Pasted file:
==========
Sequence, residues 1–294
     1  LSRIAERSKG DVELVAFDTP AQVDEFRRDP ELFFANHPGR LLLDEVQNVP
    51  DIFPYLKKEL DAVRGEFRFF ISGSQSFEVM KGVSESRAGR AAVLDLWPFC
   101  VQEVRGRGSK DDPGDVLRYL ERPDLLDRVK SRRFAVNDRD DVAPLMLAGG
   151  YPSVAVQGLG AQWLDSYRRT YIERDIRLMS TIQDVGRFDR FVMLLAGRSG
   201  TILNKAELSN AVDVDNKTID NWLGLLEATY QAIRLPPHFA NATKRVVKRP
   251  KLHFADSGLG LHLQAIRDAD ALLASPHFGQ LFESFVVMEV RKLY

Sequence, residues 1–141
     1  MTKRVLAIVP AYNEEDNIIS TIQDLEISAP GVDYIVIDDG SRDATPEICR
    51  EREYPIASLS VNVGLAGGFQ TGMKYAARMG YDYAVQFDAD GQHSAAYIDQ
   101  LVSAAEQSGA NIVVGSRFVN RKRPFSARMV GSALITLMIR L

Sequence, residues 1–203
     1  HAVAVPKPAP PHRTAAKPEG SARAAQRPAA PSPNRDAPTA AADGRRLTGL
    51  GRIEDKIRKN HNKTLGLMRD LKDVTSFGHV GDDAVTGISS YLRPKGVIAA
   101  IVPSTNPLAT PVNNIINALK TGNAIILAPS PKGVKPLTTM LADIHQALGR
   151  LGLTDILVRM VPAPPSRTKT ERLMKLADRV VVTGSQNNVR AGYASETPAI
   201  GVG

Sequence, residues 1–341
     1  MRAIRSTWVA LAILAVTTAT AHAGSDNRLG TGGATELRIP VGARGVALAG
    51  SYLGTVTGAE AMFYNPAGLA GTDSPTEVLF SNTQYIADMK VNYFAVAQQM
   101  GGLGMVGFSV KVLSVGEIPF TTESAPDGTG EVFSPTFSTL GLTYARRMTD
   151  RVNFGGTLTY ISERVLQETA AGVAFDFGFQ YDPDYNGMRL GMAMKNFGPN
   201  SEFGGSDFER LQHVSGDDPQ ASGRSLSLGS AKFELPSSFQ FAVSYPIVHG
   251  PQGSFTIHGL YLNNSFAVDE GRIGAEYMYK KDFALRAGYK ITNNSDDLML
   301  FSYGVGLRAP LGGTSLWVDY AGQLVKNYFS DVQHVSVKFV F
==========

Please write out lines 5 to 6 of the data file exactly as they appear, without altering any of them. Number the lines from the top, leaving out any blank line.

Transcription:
   151  YPSVAVQGLG AQWLDSYRRT YIERDIRLMS TIQDVGRFDR FVMLLAGRSG
   201  TILNKAELSN AVDVDNKTID NWLGLLEATY QAIRLPPHFA NATKRVVKRP